The ever-watchful CG&G alum Bruce Bartlett sent this new You Gov poll constructed by Dartmouth (home to another CG&G alum, Andrew Samwick) Associate Professor Benjamin Valentino…. [Q]uestion #7 ("Which of the following would you support as ways to reduce the nation's budget deficit?")… caught Bruce's and my eye.
More than half (55%) said they would support tax increases on higher-income Americans.
More than a third (35.4%) said they would support "major" cuts in military spending.
Less than a tenth (9.7% said they would support "major" cuts in Social Security.
Less than 12% said they would support "major" cuts in Medicare.
Almost 30% said none of the above are acceptable to them.
In other words: There is significant support in the country for doing something to reduce the deficit -- tax increases on the wealthy -- the GOP in Congress absolutely refuses to do. Only one-third of the country is in favor of the reductions in military spending that are part of the sequester that will occur on January 2. Close to 90% of the country opposes the type of changes in Medicare that are one of the cornerstone's of the Republican budget…. Almost a third of the country is against tax increases and reductions in Social Security, Medicare and military spending. That leaves only about $750 billion left to deal with a deficit that will exceed $1 trillion this year….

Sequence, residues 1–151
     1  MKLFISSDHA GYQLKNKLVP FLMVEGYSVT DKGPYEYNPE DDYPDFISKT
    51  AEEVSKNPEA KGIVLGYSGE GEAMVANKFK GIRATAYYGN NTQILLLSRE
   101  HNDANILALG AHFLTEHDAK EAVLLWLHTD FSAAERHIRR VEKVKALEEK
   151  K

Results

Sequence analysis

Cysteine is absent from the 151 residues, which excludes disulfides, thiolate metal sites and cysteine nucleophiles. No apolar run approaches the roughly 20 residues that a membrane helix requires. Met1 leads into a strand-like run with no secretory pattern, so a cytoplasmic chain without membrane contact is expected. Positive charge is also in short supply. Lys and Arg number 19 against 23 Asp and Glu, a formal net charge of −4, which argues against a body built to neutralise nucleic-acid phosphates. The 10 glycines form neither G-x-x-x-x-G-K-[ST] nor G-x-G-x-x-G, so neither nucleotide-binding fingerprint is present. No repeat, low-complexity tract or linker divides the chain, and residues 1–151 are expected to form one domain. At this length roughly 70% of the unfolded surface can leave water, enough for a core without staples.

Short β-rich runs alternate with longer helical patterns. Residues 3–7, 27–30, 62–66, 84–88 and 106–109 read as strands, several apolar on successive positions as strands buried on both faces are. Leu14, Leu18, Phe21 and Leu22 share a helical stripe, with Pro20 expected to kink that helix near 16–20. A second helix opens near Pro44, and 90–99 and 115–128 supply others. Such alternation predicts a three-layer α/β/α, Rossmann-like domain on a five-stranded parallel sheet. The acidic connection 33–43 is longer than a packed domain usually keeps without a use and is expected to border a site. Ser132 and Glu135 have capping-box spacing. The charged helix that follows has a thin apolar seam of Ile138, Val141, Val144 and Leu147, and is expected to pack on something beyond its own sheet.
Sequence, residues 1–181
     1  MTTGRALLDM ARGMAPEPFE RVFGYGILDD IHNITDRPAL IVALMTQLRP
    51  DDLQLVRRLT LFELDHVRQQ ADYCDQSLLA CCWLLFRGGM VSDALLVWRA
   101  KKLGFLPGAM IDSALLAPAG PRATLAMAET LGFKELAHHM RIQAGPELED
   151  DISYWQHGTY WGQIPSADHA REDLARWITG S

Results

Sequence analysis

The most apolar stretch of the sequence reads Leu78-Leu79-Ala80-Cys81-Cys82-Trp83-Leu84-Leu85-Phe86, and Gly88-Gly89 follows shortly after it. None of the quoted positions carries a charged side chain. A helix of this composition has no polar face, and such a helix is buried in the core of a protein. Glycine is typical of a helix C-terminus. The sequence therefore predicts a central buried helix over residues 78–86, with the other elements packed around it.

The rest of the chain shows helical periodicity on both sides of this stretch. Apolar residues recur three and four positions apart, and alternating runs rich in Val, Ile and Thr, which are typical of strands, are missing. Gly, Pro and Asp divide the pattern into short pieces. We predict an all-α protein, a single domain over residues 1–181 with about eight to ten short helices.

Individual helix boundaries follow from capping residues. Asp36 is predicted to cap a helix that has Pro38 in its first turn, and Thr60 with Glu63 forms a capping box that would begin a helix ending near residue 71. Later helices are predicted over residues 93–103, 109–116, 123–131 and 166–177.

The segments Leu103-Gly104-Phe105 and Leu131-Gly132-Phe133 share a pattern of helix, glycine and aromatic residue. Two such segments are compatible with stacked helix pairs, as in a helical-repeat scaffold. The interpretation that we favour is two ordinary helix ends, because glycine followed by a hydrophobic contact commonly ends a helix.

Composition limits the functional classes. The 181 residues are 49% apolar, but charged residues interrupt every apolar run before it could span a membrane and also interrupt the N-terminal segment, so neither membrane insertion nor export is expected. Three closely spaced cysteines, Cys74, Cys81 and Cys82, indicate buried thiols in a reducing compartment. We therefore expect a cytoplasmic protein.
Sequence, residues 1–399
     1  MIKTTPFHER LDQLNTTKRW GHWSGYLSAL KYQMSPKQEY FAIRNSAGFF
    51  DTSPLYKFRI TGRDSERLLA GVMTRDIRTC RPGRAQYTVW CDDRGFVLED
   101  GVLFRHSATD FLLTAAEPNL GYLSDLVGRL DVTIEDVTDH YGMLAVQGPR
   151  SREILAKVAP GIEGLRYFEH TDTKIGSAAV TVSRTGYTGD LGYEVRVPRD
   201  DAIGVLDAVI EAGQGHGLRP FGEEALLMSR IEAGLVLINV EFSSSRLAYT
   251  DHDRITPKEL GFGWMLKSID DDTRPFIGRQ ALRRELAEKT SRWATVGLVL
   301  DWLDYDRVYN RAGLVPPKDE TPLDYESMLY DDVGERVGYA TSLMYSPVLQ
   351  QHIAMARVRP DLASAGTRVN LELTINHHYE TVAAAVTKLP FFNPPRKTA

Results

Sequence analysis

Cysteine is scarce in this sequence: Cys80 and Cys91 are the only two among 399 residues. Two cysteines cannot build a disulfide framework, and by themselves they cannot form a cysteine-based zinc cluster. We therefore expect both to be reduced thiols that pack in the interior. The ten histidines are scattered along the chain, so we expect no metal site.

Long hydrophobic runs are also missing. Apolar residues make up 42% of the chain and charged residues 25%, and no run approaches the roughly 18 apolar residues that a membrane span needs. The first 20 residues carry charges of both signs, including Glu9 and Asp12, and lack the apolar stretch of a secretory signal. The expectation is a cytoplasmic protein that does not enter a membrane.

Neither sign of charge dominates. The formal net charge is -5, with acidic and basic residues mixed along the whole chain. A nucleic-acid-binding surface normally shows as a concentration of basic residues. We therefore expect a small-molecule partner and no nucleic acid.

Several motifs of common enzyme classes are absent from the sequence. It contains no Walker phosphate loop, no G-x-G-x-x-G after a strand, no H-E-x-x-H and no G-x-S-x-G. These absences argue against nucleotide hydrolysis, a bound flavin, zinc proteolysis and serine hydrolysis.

Americans don't want less government, they just want government that costs less. That makes for a debate in Washington that can't possibly be… and obviously isn't… considered rational.
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